Coast Tea-tree is a perennial, evergreen shrub up to five metres with greyish green foliage. The small leaves are oval, and leathery. Flowers are white with 5 small but broad petals above a cup-shaped woody base. Mature trunks are often gnarled and twisted, and generally grey in colour, with peeling papery bark.
The natural distribution for this species is the coast of NSW and northern Tasmania as well as eastern Victoria. Point Impossible is normally considered the most western point of its natural distribution however, some publications indicate it was not naturally present on the western side of Port Phillip Bay. Coast Tea-tree is one of the most invasive weeds of our coastal vegetation, able to radically change the structure of coastal vegetation communities.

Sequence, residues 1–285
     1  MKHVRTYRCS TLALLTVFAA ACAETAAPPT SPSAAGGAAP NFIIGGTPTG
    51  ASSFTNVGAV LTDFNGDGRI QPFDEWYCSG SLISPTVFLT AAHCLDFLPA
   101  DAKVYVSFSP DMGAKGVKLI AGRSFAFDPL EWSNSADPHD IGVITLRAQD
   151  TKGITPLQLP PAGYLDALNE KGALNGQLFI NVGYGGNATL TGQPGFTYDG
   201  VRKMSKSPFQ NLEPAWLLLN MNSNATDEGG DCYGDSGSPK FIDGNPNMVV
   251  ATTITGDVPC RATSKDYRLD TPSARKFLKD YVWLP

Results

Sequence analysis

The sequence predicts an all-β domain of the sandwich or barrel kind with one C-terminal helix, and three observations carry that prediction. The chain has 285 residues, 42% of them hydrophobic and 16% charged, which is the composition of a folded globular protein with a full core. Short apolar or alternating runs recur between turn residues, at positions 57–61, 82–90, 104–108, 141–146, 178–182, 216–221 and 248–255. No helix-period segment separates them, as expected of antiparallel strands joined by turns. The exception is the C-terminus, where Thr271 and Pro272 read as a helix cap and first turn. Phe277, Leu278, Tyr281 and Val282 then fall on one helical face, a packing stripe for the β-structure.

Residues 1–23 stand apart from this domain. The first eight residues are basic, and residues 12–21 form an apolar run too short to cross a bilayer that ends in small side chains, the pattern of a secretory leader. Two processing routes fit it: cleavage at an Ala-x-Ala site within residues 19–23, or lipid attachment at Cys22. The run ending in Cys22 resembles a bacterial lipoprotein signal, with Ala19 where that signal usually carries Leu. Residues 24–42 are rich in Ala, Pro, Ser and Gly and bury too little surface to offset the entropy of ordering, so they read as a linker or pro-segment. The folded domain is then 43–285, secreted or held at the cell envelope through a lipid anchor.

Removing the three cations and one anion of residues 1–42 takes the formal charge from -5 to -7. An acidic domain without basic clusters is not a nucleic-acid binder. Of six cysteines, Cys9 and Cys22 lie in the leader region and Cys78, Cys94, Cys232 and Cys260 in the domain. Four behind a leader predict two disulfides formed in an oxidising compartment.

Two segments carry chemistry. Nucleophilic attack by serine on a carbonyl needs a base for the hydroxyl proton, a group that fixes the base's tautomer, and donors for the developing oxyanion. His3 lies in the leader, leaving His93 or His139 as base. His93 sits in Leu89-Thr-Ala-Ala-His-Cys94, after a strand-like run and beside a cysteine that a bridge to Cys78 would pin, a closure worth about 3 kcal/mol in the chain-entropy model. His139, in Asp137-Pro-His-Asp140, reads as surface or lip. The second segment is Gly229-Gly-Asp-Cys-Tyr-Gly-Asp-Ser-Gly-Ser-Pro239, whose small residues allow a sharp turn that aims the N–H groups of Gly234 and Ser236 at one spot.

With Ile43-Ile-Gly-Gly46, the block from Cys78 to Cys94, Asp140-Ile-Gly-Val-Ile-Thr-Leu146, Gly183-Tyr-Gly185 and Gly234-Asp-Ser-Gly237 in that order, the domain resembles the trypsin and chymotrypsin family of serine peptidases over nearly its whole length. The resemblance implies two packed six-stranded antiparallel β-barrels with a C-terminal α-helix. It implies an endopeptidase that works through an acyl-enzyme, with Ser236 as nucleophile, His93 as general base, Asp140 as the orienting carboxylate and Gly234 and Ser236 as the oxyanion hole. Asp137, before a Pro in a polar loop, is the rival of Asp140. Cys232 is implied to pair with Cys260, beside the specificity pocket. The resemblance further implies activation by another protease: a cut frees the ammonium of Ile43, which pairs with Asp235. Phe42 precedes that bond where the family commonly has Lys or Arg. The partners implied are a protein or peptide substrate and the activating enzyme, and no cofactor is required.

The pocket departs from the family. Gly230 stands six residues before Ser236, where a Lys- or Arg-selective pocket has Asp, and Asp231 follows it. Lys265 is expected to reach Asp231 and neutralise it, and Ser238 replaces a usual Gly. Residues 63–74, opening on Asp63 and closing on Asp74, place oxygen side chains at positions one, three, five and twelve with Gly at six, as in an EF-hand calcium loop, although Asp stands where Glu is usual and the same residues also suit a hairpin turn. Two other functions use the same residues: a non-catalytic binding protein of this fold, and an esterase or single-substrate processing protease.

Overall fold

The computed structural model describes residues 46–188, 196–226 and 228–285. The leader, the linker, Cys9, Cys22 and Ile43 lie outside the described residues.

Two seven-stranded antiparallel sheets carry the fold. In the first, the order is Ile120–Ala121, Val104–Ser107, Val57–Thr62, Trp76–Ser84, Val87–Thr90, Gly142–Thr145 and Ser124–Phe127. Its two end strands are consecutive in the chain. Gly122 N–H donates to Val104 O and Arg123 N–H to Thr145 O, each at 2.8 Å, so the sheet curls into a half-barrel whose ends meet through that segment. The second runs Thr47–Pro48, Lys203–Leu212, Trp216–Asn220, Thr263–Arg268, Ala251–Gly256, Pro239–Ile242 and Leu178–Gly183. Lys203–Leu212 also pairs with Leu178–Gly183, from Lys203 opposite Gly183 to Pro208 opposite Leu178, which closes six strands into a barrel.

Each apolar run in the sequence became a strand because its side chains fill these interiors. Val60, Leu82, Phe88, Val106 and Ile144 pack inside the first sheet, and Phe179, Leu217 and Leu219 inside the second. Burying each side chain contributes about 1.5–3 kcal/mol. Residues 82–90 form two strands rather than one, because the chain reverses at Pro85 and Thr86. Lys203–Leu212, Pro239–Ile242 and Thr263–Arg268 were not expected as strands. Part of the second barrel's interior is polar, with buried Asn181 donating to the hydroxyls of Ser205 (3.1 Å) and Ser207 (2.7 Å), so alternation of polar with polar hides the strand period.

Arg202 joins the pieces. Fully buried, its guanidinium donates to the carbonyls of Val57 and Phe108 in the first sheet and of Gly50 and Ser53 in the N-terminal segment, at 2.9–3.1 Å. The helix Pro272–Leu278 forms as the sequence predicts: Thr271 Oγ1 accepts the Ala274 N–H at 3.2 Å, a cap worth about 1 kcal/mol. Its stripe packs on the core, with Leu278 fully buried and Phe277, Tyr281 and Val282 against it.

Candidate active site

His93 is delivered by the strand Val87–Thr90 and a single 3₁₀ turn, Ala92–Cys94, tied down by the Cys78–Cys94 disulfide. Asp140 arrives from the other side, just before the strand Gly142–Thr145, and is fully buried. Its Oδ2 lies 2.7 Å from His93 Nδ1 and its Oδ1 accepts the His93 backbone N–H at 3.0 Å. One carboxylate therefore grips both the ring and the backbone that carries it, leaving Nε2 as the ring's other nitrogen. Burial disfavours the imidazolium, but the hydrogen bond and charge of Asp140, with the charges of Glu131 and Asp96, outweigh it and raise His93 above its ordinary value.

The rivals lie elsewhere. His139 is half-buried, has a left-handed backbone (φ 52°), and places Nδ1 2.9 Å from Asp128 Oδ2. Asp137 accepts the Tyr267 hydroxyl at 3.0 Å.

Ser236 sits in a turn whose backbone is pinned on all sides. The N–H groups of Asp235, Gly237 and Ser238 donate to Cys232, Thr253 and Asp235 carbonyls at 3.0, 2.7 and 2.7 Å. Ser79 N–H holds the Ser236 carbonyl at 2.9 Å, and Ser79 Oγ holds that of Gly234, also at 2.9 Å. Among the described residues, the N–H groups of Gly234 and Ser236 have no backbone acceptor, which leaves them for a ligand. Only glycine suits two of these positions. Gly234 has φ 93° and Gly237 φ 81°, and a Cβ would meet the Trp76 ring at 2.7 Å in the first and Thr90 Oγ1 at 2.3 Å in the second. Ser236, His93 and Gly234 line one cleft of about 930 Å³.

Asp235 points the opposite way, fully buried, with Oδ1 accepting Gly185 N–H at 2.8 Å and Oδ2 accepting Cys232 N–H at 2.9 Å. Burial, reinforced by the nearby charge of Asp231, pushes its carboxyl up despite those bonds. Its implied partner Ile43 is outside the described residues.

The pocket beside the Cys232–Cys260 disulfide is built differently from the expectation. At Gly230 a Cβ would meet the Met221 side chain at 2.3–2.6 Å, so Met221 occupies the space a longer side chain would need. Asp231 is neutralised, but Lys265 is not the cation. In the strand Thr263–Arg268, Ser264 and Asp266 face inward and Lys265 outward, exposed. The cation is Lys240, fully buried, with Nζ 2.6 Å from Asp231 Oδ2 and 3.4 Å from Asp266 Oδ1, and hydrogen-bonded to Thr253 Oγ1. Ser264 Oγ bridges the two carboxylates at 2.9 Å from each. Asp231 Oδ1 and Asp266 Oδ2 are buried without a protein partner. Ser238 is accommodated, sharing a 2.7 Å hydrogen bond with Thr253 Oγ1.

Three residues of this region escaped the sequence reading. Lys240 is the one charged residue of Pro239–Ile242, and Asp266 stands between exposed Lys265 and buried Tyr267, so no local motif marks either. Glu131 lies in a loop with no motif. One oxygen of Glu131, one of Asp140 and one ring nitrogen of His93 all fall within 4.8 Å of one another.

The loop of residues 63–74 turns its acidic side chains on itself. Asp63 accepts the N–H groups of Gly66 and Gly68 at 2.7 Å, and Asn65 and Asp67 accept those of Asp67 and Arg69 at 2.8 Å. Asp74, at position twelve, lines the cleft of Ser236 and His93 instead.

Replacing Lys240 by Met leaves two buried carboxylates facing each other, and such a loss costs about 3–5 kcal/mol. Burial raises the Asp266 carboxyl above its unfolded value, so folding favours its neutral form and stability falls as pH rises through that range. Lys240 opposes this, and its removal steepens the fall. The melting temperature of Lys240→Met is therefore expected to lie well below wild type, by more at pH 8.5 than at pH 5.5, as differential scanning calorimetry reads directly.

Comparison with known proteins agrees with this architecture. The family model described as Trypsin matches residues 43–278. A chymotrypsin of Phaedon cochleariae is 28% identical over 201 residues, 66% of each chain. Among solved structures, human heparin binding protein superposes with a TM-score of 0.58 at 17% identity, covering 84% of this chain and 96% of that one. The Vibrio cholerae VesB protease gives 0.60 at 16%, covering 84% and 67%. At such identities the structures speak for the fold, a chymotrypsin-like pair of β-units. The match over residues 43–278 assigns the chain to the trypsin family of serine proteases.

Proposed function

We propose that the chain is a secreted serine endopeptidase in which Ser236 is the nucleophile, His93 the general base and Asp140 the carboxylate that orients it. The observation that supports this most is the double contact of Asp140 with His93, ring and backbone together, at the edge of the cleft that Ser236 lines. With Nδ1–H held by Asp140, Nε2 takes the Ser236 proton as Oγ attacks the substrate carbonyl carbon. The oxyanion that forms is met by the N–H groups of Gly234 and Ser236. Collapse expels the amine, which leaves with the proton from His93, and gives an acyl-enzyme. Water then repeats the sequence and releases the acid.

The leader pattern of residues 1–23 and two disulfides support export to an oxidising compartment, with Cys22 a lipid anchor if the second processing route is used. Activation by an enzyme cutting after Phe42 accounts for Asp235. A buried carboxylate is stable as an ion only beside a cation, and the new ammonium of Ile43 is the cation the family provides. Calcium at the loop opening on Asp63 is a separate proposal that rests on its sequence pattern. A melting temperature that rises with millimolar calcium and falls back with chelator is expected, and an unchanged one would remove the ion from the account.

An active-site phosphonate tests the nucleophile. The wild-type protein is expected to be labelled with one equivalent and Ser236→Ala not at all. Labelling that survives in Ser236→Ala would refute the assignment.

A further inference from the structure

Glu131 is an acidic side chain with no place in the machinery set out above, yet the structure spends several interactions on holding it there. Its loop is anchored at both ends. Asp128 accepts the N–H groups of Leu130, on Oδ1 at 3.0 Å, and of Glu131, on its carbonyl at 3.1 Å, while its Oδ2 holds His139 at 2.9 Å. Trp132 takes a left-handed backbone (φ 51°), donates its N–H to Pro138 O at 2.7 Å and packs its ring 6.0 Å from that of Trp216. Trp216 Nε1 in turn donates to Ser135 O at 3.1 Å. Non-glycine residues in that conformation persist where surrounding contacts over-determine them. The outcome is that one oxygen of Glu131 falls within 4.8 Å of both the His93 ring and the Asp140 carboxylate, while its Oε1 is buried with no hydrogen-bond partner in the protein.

Photos courtesy of Neil Tucker.